Handbooks of Research on Public Policy series
Chapter 34: Microfinance, cooperatives and time banks: community-provided welfare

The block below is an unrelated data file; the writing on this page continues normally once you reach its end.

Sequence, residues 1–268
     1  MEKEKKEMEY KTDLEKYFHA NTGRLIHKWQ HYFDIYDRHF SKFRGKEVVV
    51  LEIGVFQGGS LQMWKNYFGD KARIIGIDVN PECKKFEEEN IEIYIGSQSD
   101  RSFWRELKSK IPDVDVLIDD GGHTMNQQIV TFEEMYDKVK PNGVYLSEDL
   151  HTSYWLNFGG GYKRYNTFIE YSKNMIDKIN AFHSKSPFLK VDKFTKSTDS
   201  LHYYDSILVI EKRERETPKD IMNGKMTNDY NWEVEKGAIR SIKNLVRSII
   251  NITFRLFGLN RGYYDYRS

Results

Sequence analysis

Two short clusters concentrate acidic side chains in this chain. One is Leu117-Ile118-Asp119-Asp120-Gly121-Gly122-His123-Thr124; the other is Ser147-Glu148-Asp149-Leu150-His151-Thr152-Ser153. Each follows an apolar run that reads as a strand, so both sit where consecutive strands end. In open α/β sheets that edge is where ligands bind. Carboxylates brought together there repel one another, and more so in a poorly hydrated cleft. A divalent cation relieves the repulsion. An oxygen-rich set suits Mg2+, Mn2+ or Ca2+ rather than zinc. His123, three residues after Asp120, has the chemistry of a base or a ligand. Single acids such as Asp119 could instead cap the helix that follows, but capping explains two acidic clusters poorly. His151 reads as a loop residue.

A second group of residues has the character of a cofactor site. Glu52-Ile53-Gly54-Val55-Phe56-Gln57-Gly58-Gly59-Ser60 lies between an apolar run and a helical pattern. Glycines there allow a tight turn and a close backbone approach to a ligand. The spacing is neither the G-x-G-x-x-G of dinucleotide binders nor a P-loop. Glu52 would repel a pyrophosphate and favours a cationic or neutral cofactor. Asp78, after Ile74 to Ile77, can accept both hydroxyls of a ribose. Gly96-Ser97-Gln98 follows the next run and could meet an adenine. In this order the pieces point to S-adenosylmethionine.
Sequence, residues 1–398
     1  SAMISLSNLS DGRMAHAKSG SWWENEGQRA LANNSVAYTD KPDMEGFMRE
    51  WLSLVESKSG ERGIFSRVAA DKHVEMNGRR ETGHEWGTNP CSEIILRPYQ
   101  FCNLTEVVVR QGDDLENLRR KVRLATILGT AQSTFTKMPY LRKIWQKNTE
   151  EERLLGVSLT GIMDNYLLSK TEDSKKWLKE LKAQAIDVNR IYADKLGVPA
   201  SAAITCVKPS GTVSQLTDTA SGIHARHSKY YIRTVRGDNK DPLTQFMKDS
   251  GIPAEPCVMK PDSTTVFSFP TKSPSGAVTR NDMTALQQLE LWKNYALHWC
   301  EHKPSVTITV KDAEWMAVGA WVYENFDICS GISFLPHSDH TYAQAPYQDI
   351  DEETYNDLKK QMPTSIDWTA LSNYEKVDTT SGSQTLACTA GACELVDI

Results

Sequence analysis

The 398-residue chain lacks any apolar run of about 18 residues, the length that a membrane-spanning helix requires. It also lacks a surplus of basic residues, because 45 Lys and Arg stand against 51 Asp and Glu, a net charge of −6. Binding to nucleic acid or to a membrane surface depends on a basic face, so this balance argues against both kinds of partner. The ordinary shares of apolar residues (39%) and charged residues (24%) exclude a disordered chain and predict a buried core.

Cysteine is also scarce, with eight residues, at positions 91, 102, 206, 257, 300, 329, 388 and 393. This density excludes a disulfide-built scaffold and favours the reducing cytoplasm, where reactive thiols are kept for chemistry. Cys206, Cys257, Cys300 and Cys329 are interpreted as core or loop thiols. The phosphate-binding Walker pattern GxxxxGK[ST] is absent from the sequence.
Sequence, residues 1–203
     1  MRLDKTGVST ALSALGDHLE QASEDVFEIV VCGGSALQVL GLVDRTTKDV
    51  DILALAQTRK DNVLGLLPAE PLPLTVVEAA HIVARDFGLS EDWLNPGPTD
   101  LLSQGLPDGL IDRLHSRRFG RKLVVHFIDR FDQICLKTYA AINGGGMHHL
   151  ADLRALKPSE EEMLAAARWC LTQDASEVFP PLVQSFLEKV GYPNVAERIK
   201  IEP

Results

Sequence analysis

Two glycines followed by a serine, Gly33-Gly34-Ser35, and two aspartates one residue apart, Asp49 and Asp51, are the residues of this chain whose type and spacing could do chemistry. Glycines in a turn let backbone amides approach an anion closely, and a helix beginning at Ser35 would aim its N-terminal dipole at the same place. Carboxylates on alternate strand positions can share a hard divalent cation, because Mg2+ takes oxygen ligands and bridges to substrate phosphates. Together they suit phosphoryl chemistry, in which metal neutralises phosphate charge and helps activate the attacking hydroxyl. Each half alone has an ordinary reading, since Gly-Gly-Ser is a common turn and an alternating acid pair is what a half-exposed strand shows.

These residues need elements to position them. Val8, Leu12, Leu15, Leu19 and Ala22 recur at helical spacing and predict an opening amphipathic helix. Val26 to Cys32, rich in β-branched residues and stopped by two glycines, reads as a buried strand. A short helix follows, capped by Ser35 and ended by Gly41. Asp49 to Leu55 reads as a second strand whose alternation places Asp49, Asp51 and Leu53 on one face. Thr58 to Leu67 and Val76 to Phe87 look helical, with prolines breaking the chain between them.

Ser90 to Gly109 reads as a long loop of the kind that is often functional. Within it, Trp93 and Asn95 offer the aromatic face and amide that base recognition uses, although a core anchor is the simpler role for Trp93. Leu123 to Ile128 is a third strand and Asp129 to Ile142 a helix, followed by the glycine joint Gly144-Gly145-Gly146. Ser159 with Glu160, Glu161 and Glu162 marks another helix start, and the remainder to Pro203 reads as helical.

Grassroots activists have become increasingly creative in building solutions to contemporary social problems. Many of these issues stem from the shortcomings of two dominant social institutions – the state and the economy. Citizens in post-industrial societies have struggled to maintain an adequate standard of living as poverty, unemployment and underemployment are persistent and growing problems under global capitalism. Demographic changes and the resulting aging of our societies add further challenges to economic well-being. In this chapter, three examples of community-provided welfare are explored and assessed in relation to aging and demographic changes. As Zack de la Rocha (1999) rapped in a Rage Against the Machine song at the eve of the new millennium, ‘Hungry people don’t stay hungry for long.’ People have become less reliant upon mainstream social institutions and are creating local alternatives to complement or counter the capitalist economy and state. Microfinance, cooperatives and time banks are all examples of communities engaging in do-it-yourself (DIY) efforts to increase access to resources. In addition to the objectives of economic empowerment, such localism usually aims to build social capital.
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